Social problems faced by male juvenile offenders in secure care centers in the North-West Province
Moumakwa, Tshokolo Reggy
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A high percentage of crime in South Africa is committed by children and this is a disturbing factor. Prior to 1994 children who committed crimes were treated in the same way as adults who were arrested. In 1995, new legislature was drafted which made provisions that children in conflict with the law must be treated differently from adult criminals. This amendment of apartheid laws allowed for children to be removed from adult prisons and allowed them to be detained under supervision in juvenile facilities, often with their parents. Such a restorative justice system made provisions for the development of Child Justice Act No. 75 of 2008. This Act enshrines the rights of children who are in conflict with the law. The act also made provisions for the establishment of secure care centers; institutions meant for the detention of juvenile offenders. The centers were established to rehabilitate children and ensure their safety from the community and from themselves. There are thousands of children detained in these centres in South Africa. Some of them are awaiting trial while others are under crime-diversion programmes. Despite what is intended with these secure care centers, there are problems faced by juvenile offenders housed in such centers. One of the major challenges facing juveniles in the centers is gangsterism. It is the purpose of this study to identify the problems facing juvenile offenders in three secure care centers located in North-West Province, South Africa.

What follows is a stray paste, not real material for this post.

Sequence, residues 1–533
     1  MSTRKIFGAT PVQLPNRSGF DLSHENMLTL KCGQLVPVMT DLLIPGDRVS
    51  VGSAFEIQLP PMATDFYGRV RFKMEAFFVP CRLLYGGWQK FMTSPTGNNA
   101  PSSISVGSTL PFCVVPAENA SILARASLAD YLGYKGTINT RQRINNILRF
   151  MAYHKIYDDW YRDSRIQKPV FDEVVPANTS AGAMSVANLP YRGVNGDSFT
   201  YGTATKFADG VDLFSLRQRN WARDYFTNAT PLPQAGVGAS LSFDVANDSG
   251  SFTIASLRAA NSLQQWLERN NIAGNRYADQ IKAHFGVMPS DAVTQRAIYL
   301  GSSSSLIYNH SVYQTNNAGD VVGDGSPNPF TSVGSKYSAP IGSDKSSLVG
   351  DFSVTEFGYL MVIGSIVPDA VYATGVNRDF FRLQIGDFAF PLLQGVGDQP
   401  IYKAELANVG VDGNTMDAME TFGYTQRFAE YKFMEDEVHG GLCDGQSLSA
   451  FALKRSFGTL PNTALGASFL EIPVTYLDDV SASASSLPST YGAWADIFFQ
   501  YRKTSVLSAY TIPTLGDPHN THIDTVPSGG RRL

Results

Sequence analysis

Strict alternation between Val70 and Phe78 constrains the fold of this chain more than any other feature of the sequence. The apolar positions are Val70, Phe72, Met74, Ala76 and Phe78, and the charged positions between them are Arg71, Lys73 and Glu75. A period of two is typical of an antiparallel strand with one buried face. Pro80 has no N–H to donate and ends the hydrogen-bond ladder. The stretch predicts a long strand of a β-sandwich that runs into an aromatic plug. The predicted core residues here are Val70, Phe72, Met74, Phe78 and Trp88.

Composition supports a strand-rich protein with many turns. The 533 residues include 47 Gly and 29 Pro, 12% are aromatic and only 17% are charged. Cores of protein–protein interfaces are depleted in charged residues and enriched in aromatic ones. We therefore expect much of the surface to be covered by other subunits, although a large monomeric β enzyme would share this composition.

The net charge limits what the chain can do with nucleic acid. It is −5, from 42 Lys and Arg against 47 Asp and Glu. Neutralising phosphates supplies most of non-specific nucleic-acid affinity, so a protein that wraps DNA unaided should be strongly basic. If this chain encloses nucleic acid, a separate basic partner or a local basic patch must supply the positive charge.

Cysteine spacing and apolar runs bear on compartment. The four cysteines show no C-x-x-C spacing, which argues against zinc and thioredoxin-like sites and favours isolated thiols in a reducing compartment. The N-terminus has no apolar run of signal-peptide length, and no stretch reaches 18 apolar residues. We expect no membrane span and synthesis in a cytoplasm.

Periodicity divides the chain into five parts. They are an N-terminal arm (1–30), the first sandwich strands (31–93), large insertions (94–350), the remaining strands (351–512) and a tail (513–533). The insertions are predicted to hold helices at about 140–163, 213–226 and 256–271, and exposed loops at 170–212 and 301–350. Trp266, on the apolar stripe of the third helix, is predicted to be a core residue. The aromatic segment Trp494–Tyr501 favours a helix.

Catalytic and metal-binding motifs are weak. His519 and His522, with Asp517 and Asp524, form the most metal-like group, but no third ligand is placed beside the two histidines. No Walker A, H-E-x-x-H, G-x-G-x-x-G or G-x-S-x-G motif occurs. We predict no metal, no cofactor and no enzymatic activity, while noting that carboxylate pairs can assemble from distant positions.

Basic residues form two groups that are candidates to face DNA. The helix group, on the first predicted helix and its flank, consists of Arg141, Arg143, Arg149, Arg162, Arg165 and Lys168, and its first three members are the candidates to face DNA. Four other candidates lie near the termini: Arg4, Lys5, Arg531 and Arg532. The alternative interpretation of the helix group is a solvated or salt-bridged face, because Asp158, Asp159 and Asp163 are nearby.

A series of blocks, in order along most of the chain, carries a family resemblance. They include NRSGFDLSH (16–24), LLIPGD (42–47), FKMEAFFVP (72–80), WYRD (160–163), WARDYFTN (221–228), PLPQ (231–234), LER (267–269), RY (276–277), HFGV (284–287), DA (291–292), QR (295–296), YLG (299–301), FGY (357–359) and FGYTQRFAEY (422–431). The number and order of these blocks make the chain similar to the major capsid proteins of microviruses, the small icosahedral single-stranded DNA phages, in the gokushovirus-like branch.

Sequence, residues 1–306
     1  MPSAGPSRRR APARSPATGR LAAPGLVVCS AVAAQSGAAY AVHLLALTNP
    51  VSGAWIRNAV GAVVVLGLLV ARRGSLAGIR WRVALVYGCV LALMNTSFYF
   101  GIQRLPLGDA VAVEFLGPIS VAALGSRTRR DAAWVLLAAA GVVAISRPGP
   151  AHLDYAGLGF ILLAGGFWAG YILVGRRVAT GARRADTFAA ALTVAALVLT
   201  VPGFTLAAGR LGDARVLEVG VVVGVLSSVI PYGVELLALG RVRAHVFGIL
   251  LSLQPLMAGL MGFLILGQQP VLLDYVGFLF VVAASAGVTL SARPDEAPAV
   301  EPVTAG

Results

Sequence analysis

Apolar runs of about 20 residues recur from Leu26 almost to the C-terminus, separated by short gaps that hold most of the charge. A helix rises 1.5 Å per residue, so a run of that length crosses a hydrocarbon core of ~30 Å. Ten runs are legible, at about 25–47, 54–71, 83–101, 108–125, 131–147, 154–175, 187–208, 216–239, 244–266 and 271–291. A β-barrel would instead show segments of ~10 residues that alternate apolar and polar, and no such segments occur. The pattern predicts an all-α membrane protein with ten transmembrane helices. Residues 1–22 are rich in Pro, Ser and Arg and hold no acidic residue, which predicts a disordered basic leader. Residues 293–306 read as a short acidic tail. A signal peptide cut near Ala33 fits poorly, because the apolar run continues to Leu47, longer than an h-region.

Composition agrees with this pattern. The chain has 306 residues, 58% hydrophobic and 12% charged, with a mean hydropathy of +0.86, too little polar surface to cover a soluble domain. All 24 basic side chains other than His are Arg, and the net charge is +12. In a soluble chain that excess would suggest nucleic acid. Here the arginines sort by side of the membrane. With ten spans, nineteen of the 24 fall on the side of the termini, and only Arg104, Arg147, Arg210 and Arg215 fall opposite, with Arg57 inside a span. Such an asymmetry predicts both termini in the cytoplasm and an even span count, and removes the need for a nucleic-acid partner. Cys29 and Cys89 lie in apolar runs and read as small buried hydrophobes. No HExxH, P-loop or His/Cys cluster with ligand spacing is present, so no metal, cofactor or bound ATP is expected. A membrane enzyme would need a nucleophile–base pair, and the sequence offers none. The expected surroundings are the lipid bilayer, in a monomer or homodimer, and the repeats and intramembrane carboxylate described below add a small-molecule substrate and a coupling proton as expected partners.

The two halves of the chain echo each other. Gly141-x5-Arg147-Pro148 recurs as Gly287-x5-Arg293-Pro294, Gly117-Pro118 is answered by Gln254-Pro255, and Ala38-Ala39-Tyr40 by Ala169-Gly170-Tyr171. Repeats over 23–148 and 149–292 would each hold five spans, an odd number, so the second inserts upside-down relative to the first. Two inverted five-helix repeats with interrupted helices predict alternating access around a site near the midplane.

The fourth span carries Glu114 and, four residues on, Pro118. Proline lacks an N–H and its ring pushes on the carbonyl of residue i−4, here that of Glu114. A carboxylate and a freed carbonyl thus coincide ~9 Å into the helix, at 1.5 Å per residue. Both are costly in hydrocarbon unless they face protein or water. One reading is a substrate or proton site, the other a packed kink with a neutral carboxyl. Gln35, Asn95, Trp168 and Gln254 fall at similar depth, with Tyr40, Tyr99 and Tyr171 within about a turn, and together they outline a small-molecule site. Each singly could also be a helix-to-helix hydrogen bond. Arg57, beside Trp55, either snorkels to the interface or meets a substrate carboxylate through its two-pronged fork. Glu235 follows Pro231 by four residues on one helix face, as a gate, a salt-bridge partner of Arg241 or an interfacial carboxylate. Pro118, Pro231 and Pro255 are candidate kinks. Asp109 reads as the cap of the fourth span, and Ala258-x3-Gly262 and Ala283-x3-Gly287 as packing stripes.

- Health Sciences